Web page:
Pretoria – Car Insurance South Africa has launched an interesting, interactive visualisation on the historical car crash data for South Africa for the period of 1950 till 2000. The data for the visualisation was obtained from Arrive Alive SA. The visualisation allows users to manipulate data along an X and Y axis as well as the radius to form the plotted points on the visualisation. This results in the user being able to create 56 unique scenarios of data.
The X-axis controls two sets of data, namely the year (from 1950 – 2000) and the total SA population which ranges from 11.7 in 1950 to 43.8 million in 2000. The Y-axis contains the vehicle population, the SA population (once again), fatal crashes, major crashes, minor crashes, damage only and the total crashes. The radius (or Z-axis) controls the human injury stats, including persons killed, serious injuries, slight injuries and total injuries. Users can hover over the plot points to get the exact figures and there are also social media sharing buttons and place for comments, making this visualisation even more interactive.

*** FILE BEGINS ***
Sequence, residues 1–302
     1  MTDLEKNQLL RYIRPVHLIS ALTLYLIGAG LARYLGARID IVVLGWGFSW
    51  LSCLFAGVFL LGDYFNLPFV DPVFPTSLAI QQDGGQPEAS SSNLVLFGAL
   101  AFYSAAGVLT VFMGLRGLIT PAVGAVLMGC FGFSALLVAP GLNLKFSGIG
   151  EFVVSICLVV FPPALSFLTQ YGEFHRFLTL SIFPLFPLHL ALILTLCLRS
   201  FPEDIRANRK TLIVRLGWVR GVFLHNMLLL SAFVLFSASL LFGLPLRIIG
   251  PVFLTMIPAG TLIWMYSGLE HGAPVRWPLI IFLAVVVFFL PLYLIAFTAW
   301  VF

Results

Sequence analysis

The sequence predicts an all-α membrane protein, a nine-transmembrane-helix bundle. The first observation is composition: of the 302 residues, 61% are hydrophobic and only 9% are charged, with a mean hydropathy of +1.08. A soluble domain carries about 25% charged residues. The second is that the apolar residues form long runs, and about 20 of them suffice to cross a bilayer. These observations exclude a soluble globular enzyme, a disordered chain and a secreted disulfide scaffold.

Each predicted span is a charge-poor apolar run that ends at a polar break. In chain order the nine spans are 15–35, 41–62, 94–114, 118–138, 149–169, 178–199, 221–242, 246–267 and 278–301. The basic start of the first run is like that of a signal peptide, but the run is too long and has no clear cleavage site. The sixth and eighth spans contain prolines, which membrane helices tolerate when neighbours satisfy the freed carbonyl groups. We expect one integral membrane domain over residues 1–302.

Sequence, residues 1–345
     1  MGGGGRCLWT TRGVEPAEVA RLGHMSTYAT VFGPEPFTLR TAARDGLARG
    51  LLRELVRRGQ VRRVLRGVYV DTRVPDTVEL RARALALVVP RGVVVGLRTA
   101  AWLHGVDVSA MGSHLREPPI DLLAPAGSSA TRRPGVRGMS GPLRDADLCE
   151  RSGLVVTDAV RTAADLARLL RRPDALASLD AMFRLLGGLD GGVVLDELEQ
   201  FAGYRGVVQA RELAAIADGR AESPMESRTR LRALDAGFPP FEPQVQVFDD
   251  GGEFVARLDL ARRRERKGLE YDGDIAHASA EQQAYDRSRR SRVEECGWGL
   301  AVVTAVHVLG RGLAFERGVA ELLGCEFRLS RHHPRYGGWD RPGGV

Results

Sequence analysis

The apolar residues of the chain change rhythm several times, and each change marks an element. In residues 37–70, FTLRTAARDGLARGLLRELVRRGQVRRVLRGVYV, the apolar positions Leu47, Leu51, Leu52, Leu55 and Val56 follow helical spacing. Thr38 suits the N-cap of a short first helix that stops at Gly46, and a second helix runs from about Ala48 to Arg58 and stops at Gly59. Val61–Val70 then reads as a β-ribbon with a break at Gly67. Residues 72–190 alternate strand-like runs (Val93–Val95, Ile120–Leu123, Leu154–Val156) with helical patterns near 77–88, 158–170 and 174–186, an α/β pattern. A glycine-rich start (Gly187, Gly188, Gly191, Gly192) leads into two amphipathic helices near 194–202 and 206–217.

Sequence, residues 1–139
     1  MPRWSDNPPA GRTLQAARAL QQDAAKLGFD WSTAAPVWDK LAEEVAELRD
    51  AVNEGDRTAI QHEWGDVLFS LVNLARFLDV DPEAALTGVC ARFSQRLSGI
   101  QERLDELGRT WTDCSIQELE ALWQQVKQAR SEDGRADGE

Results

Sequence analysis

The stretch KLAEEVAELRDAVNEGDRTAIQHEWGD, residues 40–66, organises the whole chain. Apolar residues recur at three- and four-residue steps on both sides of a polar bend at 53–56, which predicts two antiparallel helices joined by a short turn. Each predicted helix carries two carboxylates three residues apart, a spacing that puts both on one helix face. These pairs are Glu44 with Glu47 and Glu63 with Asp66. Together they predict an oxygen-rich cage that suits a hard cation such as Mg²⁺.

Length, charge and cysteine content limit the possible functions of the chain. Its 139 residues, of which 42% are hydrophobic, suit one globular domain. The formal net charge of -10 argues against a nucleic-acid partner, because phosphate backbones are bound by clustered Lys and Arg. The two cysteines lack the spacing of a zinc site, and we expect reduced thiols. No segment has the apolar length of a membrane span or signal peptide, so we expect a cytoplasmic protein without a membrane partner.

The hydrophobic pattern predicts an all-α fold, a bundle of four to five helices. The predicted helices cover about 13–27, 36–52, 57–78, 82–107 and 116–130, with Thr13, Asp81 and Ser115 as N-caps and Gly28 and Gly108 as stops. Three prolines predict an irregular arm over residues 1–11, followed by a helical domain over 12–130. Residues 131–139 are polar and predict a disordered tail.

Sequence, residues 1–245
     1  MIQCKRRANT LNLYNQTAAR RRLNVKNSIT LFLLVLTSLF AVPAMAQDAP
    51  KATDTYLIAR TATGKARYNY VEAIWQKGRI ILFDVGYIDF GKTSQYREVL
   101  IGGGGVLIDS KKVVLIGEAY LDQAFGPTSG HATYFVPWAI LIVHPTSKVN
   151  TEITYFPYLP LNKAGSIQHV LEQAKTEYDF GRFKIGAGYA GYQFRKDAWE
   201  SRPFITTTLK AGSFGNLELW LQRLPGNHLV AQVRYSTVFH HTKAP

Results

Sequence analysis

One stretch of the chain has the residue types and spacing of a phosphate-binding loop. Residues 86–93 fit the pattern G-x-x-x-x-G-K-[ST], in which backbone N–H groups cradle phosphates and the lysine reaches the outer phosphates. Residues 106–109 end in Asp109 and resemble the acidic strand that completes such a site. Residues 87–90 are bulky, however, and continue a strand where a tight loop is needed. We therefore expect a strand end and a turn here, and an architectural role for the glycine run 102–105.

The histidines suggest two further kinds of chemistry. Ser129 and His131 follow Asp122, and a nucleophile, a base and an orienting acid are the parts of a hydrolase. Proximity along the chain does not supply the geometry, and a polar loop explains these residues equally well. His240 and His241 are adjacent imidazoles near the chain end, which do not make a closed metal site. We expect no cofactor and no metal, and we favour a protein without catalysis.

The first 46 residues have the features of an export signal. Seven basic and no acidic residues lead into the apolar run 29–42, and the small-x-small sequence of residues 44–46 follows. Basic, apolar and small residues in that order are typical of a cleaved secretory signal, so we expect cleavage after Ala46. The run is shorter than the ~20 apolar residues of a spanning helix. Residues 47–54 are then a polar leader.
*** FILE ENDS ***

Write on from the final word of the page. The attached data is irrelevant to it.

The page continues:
Whilst the data brings up some interesting points, the general trend is that the greater the population of people, and subsequently vehicles on the roads, the greater the deaths and injuries over the years. This forms quite a linear pattern which shows that although the cars and roads have improved (especially in terms of safety) the average person’s driving skills have not progressed. The improvements in safety of the average car are also offset by the amount of traffic as well as the slight increase of the speeds of the cars over the years.
This is a sobering realisation that no matter how safe our cars are along with the combined efforts of the traffic departments to provide safe roads and enforce slower driving speeds, more and more people are still dying each year. It’s no wonder that a vehicle insurance company found this data very interesting, it shows how important car and life insurance is in this day and age.